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Is Poste Italiane SpA (BIT:PST) A Smart Pick For Income Investors?

Simply Wall St

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Dividend paying stocks like Poste Italiane SpA (BIT:PST) tend to be popular with investors, and for good reason - some research suggests a significant amount of all stock market returns come from reinvested dividends. Yet sometimes, investors buy a popular dividend stock because of its yield, and then lose money if the company's dividend doesn't live up to expectations.

Poste Italiane yields a solid 4.6%, although it has only been paying for three years. A high yield probably looks enticing, but investors are likely wondering about the short payment history. Some simple research can reduce the risk of buying Poste Italiane for its dividend - read on to learn more.

Explore this interactive chart for our latest analysis on Poste Italiane!

BIT:PST Historical Dividend Yield, July 19th 2019

Payout ratios

Companies (usually) pay dividends out of their earnings. If a company is paying more than it earns, the dividend might have to be cut. So we need to form a view on if a company's dividend is sustainable, relative to its net profit after tax. In the last year, Poste Italiane paid out 43% of its profit as dividends. This is a middling range that strikes a nice balance between paying dividends to shareholders, and retaining enough earnings to invest in future growth. Plus, there is room to increase the payout ratio over time.

We update our data on Poste Italiane every 24 hours, so you can always get our latest analysis of its financial health, here.

Dividend Volatility

Before buying a stock for its income, we want to see if the dividends have been stable in the past, and if the company has a track record of maintaining its dividend. The dividend has not fluctuated much, but with a relatively short payment history, we can't be sure this is sustainable across a full market cycle. During the past three-year period, the first annual payment was €0.34 in 2016, compared to €0.44 last year. Dividends per share have grown at approximately 9.1% per year over this time.

Poste Italiane has been growing its dividend at a decent rate, and the payments have been stable despite the short payment history. This is a positive start.

Dividend Growth Potential

The other half of the dividend investing equation is evaluating whether earnings per share (EPS) are growing. Growing EPS can help maintain or increase the purchasing power of the dividend over the long run. Earnings have grown at around 6.2% a year for the past five years, which is better than seeing them shrink! Earnings per share have been growing at a credible rate. What's more, the payout ratio is reasonable and provides some protection to the dividend, or even the potential to increase it.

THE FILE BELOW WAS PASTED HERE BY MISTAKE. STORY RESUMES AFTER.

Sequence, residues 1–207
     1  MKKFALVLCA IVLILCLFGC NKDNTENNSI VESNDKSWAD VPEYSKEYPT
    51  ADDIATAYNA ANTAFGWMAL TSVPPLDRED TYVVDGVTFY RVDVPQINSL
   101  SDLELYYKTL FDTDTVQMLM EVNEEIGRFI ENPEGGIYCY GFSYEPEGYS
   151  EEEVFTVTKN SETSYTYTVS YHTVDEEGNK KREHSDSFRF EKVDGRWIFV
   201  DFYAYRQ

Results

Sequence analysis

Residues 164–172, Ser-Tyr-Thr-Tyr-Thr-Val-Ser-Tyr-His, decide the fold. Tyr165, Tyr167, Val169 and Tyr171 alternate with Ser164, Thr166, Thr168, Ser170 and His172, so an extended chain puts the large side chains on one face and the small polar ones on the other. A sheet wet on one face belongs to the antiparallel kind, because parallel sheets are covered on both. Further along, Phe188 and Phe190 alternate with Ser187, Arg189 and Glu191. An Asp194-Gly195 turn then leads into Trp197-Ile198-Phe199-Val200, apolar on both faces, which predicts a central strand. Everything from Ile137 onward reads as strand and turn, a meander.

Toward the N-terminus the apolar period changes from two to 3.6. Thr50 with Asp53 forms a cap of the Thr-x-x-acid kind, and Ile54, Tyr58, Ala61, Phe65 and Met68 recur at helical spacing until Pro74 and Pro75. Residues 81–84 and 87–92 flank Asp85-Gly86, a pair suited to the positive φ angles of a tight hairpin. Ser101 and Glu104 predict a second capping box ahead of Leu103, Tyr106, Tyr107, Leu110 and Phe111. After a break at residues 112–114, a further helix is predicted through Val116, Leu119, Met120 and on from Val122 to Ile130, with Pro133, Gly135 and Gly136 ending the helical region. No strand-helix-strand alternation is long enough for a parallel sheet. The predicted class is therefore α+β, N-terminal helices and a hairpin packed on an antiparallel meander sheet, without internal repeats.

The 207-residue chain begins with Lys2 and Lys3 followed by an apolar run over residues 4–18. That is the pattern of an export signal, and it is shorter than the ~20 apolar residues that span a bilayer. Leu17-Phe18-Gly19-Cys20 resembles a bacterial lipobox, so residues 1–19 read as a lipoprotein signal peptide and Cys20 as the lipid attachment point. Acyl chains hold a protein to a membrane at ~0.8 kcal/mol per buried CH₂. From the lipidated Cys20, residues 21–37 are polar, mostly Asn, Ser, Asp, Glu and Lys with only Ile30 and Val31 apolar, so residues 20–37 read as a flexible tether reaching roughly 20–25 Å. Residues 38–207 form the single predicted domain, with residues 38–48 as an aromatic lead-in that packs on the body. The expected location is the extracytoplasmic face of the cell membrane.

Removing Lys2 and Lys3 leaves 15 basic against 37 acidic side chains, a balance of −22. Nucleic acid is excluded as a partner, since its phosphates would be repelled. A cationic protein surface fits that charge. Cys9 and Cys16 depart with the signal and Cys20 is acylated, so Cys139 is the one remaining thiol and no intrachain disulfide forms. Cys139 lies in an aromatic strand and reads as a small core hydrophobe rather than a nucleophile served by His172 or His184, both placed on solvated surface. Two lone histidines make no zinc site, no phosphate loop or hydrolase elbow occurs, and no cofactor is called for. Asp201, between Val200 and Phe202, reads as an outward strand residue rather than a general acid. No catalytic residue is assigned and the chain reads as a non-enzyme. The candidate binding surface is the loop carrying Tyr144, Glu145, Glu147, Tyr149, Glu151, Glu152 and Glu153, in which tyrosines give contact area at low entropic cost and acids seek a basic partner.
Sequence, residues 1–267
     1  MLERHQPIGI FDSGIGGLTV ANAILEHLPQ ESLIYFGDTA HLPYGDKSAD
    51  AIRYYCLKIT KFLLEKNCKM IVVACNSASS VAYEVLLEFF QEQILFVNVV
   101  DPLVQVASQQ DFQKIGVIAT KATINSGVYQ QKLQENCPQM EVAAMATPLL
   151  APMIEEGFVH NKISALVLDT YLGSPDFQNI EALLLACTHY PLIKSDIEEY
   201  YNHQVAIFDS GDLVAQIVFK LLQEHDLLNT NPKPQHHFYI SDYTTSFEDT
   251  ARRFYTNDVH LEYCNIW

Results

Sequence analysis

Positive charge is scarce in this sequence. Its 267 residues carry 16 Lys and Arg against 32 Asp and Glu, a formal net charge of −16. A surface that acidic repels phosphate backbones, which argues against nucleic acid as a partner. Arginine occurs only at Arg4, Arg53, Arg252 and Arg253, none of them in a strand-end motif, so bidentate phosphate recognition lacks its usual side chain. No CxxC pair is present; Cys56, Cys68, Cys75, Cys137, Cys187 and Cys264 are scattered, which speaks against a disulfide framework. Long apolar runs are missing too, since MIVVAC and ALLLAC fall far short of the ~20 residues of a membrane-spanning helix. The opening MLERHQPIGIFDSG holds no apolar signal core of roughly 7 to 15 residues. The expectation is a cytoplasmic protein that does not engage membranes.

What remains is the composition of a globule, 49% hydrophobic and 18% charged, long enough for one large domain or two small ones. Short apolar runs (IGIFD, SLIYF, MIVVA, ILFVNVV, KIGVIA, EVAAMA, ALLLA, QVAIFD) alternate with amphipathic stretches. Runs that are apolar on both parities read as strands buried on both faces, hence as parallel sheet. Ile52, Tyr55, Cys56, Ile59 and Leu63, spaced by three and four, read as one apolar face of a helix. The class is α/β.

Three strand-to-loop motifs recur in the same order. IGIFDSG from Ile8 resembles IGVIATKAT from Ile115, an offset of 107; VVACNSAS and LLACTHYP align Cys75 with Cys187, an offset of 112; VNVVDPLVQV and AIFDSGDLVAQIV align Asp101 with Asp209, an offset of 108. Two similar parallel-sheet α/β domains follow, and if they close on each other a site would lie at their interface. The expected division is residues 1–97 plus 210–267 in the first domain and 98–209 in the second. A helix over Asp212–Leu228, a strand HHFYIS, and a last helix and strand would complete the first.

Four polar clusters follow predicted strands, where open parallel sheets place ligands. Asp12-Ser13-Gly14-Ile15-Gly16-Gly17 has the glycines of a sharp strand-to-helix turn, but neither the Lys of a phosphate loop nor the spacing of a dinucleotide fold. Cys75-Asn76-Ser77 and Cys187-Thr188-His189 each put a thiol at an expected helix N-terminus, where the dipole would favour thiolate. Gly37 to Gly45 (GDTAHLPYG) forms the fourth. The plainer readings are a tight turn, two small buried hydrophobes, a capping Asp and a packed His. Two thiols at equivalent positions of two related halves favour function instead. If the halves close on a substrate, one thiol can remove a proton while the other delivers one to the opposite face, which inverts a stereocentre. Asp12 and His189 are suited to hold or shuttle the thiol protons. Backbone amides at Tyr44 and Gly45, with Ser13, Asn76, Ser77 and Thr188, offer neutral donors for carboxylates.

Conclusion

To summarise, shareholders should always check that Poste Italiane's dividends are affordable, that its dividend payments are relatively stable, and that it has decent prospects for growing its earnings and dividend. Firstly, we like that Poste Italiane has a low and conservative payout ratio. Second, earnings growth has been ordinary, and its history of dividend payments is shorter than we'd like. Poste Italiane might not be a bad business, but it doesn't show all of the characteristics we look for in a dividend stock.

Companies that are growing earnings tend to be the best dividend stocks over the long term. See what the 8 analysts we track are forecasting for Poste Italiane for free with public analyst estimates for the company.

We have also put together a list of global stocks with a market capitalisation above $1bn and yielding more 3%.

We aim to bring you long-term focused research analysis driven by fundamental data. Note that our analysis may not factor in the latest price-sensitive company announcements or qualitative material.

If you spot an error that warrants correction, please contact the editor at editorial-team@simplywallst.com. This article by Simply Wall St is general in nature. It does not constitute a recommendation to buy or sell any stock, and does not take account of your objectives, or your financial situation. Simply Wall St has no position in the stocks mentioned. Thank you for reading.